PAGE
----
5. A. H. Wickens, “The dynamic stability of railway vehicle wheelsets and bogies having profiled wheels,” International Journal of Solids and Structures, vol. 1, no. 3, pp. 319–341, 1965. View at: Publisher Site | Google Scholar
  6. K. Knothe and S. Stichel, Rail Vehicle Dynamics, Springer, Cham, China, 2017. View at: Publisher Site
  7. Z. Shen, X. Lu, J. Fan, and F. Zhan, “Mode-shape analysis and parameters study for lateral oscillations of two-axle-bogie locomotives,” China Railway Science, vol. 1, pp. 18–40, 1994. View at: Google Scholar
  8. E. H. Law and R. S. Brand, “Analysis of the nonlinear dynamics of a railway vehicle wheelset,” Journal of Dynamic Systems, Measurement, and Control, vol. 95, no. 1, pp. 28–35, 1973. View at: Publisher Site | Google Scholar
  9. J. K. Hedrick and A. V. Arslan, “Nonlinear analysis of rail vehicle forced lateral response and stability,” Journal of Dynamic Systems, Measurement, and Control, vol. 101, no. 3, pp. 230–237, 1979. View at: Publisher Site | Google Scholar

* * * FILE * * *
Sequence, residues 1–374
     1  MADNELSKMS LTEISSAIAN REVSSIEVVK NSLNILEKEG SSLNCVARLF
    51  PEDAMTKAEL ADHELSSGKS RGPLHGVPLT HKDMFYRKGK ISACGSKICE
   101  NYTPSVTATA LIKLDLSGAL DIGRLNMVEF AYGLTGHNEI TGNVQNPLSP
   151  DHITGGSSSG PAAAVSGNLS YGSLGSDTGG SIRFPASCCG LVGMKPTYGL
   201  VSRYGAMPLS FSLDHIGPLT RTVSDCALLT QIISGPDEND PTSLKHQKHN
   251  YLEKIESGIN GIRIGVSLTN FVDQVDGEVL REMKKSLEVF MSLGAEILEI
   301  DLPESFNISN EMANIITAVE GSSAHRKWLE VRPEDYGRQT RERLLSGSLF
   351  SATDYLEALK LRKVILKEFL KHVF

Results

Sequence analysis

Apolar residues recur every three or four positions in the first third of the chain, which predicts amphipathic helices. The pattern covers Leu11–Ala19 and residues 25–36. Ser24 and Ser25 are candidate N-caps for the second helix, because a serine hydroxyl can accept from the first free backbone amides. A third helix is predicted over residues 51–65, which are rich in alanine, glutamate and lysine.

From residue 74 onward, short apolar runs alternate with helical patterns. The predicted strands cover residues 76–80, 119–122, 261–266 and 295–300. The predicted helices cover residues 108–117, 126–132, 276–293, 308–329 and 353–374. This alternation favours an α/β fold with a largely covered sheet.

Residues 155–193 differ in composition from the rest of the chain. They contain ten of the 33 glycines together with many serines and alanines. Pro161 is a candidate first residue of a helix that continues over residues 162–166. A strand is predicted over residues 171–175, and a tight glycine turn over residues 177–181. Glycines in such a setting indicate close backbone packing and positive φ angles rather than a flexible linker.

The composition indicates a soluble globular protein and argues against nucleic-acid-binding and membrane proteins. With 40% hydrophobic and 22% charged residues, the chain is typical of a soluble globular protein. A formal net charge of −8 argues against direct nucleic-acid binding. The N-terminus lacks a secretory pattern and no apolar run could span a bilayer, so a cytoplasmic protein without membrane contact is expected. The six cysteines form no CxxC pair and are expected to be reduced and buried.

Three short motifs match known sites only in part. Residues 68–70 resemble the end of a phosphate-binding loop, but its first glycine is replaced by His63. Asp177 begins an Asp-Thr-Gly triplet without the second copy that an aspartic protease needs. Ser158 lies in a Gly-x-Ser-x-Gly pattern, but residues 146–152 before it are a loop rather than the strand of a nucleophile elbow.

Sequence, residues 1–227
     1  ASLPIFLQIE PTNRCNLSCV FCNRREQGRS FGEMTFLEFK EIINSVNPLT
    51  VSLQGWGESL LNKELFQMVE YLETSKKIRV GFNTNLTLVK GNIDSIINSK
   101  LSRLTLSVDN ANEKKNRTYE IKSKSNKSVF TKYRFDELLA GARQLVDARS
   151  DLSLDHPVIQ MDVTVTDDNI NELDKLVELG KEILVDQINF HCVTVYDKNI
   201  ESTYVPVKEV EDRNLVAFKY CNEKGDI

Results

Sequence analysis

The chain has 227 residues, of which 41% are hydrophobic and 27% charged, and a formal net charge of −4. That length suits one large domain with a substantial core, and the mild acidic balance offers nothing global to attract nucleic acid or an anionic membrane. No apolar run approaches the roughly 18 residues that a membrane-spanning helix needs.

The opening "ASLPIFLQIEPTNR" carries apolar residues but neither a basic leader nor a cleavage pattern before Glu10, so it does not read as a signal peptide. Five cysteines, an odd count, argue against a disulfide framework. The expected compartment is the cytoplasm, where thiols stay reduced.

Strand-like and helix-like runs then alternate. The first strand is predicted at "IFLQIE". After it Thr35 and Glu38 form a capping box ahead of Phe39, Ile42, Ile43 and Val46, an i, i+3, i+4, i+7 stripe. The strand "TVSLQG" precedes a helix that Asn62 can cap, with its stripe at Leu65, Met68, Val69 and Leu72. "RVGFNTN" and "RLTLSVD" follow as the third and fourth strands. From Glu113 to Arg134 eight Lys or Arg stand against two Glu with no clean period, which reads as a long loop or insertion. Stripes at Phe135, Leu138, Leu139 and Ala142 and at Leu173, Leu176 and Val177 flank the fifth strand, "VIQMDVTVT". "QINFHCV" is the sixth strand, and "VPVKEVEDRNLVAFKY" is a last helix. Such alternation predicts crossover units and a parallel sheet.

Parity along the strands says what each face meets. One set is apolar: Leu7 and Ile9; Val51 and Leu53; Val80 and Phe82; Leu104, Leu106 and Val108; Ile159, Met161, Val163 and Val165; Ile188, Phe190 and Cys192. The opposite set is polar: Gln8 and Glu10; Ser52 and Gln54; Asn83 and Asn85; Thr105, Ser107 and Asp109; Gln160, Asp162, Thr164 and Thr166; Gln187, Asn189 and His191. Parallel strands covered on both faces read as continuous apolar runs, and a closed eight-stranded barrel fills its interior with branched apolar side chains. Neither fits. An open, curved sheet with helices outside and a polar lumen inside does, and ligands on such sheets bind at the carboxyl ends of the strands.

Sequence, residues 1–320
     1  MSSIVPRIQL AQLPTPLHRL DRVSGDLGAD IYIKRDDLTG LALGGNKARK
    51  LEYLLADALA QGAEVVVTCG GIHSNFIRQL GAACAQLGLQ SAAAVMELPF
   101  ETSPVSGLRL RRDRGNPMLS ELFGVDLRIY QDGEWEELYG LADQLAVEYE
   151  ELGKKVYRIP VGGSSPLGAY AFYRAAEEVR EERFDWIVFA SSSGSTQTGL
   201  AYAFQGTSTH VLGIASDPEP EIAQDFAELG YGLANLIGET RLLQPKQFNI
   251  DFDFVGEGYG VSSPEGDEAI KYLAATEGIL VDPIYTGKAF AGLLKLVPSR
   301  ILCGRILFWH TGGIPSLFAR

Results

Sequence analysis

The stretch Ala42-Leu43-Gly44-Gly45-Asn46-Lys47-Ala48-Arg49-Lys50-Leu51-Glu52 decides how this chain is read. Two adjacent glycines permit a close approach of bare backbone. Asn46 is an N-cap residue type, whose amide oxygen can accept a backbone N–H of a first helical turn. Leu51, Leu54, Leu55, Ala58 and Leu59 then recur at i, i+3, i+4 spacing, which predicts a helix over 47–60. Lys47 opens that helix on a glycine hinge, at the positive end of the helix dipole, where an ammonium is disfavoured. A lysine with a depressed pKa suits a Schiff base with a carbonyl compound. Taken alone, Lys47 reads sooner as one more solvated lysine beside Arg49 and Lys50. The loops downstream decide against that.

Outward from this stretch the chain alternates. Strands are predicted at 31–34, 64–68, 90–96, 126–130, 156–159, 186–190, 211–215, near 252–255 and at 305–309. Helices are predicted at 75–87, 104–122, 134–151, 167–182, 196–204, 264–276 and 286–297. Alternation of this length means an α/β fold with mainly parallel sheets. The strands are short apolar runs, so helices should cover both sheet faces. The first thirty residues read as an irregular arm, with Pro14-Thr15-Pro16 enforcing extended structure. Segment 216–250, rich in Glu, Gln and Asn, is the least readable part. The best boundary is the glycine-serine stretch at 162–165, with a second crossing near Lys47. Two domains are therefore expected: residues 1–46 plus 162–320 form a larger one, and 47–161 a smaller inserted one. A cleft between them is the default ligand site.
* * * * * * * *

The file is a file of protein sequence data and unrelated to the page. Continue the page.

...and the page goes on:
10. H. Hanstrue and C. Kaas-Petersen, “A bifurcation analysis of nonlinear oscillations in railway vehicles,” Vehicle System Dynamics, vol. 12, no. 1-3, pp. 5-6, 1983. View at: Publisher Site | Google Scholar
  11. C. Kaas-Petersen and H. True, “Periodic, biperiodic and chaotic dynamical behaviour of railway vehicles,” Vehicle System Dynamics, vol. 15, pp. 208–221, 1986. View at: Google Scholar
  12. H. True, “Dynamics of a rolling wheelset,” Applied Mechanics Reviews, vol. 46, no. 7, pp. 438–445, 1993. View at: Publisher Site | Google Scholar
  13. H. True and J. C. Jensen, “Parameter study of hunting and chaos in railway vehicle dynamics,” Vehicle System Dynamics, vol. 23, no. 1, pp. 508–521, 1994. View at: Publisher Site | Google Scholar
  14. H. True and R. Asmund, “The dynamics of a railway freight wagon wheelset with dry friction damping,” Vehicle System Dynamics, vol. 38, no. 2, pp. 149–163, 2002. View at: Publisher Site | Google Scholar